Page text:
Hitman: HD Trilogy PS3 Review
Publisher – Square Enix – Developer – IO Interactive – Genre – Stealth – Players – 1 – Age Rating – 18+ – Other console/handheld formats – Xbox 360
As you can often see the evolution of the series, HD collections of games can be a very interesting thing. Take Hitman: HD Trilogy for instance, when played in the order that the three included games (Hitman 2: Silent Assassin, Hitman Contracts and Hitman: Blood Money) were released you can certainly see the huge steps that developer IO Interactive made over time with the popular series.
The first and oldest offering is of course Hitman 2: Silent Assassin, which sadly plays like a complete and utter shambles in this day and age, while Contracts remains a significant improvement, and, finally, Blood Money is definitely the standout game of the trio. The original game is absent, which is a shame as it was never released on consoles, and its inclusion would have certainly been nice to show off the series’ evolution from 2000 to 2006.
Hitman 2 opens up with main character Agent 47 enjoying a quieter existence as a gardener in Sicily for his friend Father Vittorio. When Vittorio is kidnapped, 47 returns to his life as an assassin. As Hitman games have always done when played stealthily, Silent Assassin has an emphasis on disguising yourself. The problem here is that the AI is so unpredictable that you just never know what to expect from them, often leaving you to wonder why the mission has suddenly gone pear shaped. Not only that, but the game also feels clunky to play today, and I must admit that it made me all the more appreciate how the series has evolved over time.
As a sequel, Hitman: Contracts is more of the same as Silent Assassin, although it’s actually the game that the latter should have been in terms of its superior mechanics. At the beginning of the game, 47 is wounded, which results in him reliving some of his previous hits. Said hits are actually those from the very first game, so you could say that the original game does exist in this trilogy in some form. The AI is much more relaxed and less unpredictable than in Silent Assassin, while the animations and controls feel a lot more fluid and the disguises feel a lot more useful. Despite all the major improvements, it’s still definitely Blood Money where the series truly got into its stride.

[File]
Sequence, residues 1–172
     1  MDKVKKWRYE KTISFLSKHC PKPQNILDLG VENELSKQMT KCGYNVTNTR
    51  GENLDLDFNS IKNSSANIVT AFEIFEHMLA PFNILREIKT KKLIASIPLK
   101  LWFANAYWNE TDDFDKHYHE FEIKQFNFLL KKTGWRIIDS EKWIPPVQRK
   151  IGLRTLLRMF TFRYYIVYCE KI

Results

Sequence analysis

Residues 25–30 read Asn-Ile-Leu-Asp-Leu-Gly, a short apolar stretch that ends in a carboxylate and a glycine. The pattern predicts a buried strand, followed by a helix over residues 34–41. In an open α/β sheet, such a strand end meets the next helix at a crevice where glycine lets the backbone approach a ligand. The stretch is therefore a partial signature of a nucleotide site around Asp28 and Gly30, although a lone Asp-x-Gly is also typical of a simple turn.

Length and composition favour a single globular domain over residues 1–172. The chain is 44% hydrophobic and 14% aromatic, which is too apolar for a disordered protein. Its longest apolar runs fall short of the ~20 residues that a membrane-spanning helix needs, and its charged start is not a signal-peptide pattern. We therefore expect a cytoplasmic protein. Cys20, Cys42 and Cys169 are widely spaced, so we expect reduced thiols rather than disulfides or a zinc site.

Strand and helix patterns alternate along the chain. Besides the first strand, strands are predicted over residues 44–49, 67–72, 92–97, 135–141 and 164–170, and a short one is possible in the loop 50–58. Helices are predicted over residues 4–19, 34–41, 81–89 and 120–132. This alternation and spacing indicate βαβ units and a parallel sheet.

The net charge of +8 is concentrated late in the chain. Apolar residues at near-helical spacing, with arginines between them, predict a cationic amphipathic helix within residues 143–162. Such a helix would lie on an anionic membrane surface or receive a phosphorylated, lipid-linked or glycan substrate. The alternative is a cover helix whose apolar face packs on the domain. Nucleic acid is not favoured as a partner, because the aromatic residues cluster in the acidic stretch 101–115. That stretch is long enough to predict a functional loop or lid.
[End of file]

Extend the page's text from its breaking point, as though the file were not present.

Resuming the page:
Yes, Hitman: Blood Money (available on the PS3 for the very first time in this trilogy) is not only the best game in this trilogy, but it’s arguably the best game in the entire series. IO Interactive added depth to each hit, and while it’s still possible to put a bullet in you targets or choke the life out of them, it seems rather plain when you are able to make many of their deaths look like tragic accidents as opposed to a bald-headed hitman going to work, leaving obvious murders in his wake. True, you could do this in the previous two games, although it was a lot less limited, and there’s so much satisfaction to finding the triggers that result in assassinating your targets in a manner that doesn’t involve typical weapons.
Visually, the three included games have had a decent job done on them to spruce them up into modern HD, although there’s no getting away from the fact that all the games are looking dated, particularly Silent Assassin with its crude character models and textures and its clunky animations. Even Blood Money, the newest game in the package, is looking tired, which is understandable considering that the game was released back in 2006.
Hitman: HD Trilogy is comprised of one poor game, one decent game and one of the high-points of the series. The evolution over the three games is certainly interesting, and you can feel through each game that IO Interactive was growing more confident in their series. While Blood Money does remain one of the strongest games in the series, this trilogy may prove to be disappointing to those who enjoyed Silent Assassin and even Contracts at the time, with the former being a complete mess and both games feeling clunky. Historically, those new to these games will be intrigued, and, warts and all, this trilogy will prove to be a history lesson that climbs from low to high over the course of the three games.